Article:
TECHNICAL SESSION: Population diversity of plant pathogenic bacteria
It’s complicated: The Xanthomonas perforans population across Florida commercial tomato fields
Jeannie Klein - University of Florida. Erica Goss- University of Florida, Sujan Timilsina- University of Florida, Gerald Minsavage- University of Florida, Jeffrey Jones- University of Florida, Peter Abrahamian- Gulf Coast Research and Education Center, University of Florida, James Fulton- Univ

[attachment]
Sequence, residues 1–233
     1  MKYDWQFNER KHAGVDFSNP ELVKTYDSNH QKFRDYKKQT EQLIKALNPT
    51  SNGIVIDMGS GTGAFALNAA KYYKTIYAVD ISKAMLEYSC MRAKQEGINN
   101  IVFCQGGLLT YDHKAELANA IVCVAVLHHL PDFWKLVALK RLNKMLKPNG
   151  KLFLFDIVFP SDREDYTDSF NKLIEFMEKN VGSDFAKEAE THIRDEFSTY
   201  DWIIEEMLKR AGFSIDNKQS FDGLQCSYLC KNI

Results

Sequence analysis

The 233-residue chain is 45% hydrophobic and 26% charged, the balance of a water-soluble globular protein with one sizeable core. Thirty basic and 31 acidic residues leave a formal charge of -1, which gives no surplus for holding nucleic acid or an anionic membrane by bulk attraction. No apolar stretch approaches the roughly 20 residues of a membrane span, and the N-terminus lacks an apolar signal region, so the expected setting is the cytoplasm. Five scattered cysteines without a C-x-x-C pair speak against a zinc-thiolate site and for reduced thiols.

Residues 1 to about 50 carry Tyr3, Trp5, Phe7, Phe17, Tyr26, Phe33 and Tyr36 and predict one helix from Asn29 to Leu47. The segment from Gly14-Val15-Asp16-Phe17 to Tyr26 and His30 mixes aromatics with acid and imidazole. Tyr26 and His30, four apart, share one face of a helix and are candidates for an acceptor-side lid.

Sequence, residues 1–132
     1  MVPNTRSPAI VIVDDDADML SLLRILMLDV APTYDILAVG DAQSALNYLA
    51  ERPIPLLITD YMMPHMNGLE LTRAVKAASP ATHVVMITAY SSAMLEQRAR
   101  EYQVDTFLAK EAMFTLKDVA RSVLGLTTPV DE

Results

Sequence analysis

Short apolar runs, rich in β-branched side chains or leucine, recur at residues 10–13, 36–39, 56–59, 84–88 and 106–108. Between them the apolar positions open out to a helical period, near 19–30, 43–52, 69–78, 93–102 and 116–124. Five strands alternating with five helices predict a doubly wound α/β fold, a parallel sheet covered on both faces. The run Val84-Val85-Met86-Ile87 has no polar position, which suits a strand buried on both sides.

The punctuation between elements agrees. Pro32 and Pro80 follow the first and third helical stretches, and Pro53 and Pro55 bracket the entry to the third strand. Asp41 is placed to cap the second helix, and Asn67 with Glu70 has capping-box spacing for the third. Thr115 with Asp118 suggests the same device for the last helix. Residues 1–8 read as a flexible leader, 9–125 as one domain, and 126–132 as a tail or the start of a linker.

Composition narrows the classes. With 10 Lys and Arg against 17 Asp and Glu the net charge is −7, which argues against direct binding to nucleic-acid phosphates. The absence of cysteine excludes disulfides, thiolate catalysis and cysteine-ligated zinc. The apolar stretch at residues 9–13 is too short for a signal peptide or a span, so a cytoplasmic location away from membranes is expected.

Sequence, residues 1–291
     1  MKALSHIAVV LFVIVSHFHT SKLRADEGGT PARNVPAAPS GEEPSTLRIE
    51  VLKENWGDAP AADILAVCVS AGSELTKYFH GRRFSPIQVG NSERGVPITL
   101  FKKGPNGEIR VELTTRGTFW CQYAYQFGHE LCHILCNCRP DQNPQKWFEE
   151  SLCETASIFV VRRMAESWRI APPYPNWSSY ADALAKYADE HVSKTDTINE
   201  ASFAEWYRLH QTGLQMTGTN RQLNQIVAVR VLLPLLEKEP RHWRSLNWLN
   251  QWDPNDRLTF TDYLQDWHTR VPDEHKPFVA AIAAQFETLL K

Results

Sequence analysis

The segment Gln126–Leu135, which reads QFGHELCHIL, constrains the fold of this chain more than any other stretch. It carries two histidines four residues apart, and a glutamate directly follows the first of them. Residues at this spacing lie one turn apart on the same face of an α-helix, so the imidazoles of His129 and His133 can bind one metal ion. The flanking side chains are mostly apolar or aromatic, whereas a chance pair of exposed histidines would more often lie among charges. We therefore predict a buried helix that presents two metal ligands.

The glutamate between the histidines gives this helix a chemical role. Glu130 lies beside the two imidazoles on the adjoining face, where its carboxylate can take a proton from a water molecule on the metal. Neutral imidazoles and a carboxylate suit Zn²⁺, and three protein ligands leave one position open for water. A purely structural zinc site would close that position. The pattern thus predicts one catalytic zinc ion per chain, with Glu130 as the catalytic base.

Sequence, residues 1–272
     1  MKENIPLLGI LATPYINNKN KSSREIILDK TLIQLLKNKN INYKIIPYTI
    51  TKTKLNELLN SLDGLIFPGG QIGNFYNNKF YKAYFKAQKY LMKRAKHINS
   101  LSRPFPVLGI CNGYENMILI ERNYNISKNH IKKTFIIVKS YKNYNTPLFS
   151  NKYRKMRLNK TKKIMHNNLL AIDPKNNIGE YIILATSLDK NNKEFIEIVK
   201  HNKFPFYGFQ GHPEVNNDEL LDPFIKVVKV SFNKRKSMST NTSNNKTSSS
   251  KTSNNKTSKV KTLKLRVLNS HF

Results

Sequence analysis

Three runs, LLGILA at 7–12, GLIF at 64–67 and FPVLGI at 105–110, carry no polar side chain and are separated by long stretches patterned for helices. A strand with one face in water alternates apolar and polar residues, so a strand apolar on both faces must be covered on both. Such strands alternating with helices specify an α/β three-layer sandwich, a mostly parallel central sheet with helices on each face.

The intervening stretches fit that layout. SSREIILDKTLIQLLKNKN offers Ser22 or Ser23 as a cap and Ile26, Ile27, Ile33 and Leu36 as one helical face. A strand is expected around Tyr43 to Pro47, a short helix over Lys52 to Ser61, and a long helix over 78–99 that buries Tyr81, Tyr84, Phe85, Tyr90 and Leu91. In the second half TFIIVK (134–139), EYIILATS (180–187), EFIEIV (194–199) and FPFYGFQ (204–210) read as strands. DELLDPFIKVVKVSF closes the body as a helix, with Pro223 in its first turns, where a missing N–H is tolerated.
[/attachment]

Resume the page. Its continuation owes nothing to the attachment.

Bacterial spot of tomato (BST), caused by Xanthomonas euvesicatoria, X. gardneri, X. perforans, and X. vesicatoria, is one of the most economically important diseases of tomato. In Florida, prior surveys determined that X. perforans (Xp) is the primary cause of BST and detected dramatic shifts within the Xp population over the past 30 years despite the lack of a clear selective pressure. These population shifts have adversely impacted the efficacy of control measures and resistance breeding efforts in tomato. We characterized 585 Xanthomonas isolates from symptomatic tissue in 70 commercial tomato fields throughout Florida in fall 2017 and found that Xp remains the primary cause of BST in Florida. The Xp population consisted of three phylogenetic groups and tomato races 3 (8%) and 4 (92%). Further characterization revealed that 99.8% of strains were resistant to copper, 25% of strains were resistant to streptomycin, 51% of strains produced bacteriocins, and effector profiles, that impact host range, were highly variable among the Xp strains. Our results indicate that the composition of the Xp population in Florida is complex and varies within and among fields. We will use this strain collection to test for associations between genetic variation and tomato production chain variables.